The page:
A sixth round pick in 2008 from Buffalo, Trevor Scott has shown a great deal of pass-rushing in his two seasons.
Originally a defensive-end, Scott moved to weakside linebacker in 2009 and the Raiders intend to keep him there, as he wreaked havoc on opposing backfields.
In 16 games, Scott amassed 43 tackles and 7 sacks. Scott however shifted between defensive end and linebacker until settling in at linebacker near the end of the season, so it hard to say what Scott will do once he has played full-time.
A 4th round rookie from Florida in 2009, Louis Murphy finished the season with 34 receptions, 521 yards, an average of 15.3 yards, a long of 75 and three touchdowns.
Murphy's 34 catches led the wide receivers.
It should be noted as well that two of those touchdowns were key touchdowns for the late season heroics of Bruce Gradkowski against the Steelers and Bengals.
Murphy also played a key role in the opening night game against San Diego in which he hauled in a rainbow from JaMarcus Russell. Murphy also had a TD negated by a new rule that still makes no sense.
Murphy also had a key block in the long touchdown by Zach Miller that made the difference against the Philadelphia Eagles.
Going into the Draft many so-called experts have argued that the Raiders should add a receiver because the Raiders still lack a definite go-to.
Though it won't surprise me if Al Davis takes a flier in the 5th or 6th round, the Raiders really don't need new talent at receiver, the Raiders need experience.
That can be added with a veteran or by patience.
Here has been the problem with the assessment of Oakland's quarterback situation.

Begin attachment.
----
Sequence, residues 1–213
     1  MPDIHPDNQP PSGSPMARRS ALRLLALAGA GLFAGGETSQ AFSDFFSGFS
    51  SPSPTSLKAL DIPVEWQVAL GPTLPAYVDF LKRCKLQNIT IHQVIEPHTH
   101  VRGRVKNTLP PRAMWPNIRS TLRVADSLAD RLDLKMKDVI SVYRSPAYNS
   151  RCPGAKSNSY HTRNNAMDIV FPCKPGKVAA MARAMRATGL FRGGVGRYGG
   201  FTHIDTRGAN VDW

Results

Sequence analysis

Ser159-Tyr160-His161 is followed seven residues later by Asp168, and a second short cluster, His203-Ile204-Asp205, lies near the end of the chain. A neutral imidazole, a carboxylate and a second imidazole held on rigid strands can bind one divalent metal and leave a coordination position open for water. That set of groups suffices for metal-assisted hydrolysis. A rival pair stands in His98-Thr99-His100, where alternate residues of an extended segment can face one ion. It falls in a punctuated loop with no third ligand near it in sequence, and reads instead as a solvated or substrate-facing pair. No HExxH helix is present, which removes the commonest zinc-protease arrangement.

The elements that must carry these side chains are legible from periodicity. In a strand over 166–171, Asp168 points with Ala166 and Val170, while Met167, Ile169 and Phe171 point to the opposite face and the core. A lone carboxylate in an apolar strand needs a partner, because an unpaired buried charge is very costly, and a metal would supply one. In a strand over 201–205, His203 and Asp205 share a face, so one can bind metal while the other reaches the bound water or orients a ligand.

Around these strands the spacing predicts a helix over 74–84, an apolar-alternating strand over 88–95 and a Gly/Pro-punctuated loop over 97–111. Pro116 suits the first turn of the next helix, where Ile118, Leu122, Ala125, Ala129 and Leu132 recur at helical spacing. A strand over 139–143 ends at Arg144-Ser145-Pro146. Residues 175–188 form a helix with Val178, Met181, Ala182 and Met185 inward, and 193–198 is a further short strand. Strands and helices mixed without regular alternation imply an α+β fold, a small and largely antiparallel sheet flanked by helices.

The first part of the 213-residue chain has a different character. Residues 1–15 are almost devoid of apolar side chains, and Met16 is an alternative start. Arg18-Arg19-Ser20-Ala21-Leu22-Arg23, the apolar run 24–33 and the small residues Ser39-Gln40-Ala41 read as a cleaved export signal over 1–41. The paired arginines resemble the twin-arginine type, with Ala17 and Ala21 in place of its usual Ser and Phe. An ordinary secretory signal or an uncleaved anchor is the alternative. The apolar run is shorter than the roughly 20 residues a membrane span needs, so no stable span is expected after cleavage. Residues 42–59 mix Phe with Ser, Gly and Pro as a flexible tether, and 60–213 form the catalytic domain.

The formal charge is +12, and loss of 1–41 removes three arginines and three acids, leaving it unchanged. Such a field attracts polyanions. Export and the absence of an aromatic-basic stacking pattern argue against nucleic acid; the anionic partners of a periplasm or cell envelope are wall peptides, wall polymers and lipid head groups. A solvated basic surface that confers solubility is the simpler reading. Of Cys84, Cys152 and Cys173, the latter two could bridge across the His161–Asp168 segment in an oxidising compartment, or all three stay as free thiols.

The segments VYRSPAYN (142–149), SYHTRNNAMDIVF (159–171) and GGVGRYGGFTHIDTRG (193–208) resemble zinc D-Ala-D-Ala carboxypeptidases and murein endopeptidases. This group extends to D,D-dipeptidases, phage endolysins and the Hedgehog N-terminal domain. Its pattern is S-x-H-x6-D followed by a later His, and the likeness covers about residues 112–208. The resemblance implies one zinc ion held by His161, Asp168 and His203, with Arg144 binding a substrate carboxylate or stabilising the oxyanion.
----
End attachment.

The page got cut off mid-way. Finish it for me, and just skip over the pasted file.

The Raiders entered the season with postseason dreams and the heat on JaMarcus Russell.
Yet, the Raiders also had two rookies at wide receiver and another on injured reserve.
When JaMarcus Russell struggled (and that's sugar coating it) the narrative was that the receivers were wide-open.
Russell would even criticize the receivers publicly and that was met with blowback from fans that didn't want to hear that.
Yet, as the season progressed, so did the receivers and even tight-end Zach Miller. Chaz Schilens returned from injured reserve too.
All of this happened around the same time that Bruce Gradkowski stepped in at quarterback, which begs the question: Did Gradkowski make the receivers better or did the receivers merely progress?
I say that because it may not have been entirely Russell's fault that the passing game struggled.
The receivers were learning by fire and under intense criticism from media and fans, especially the media salivating for the day when they can declare Darrius Heyward-Bey to be an official bust.
I sincerely believe that once the offensive line is over-hauled and the Raiders can run the ball consistently, that either quarterback will be able to lead the Raiders back to the postseason.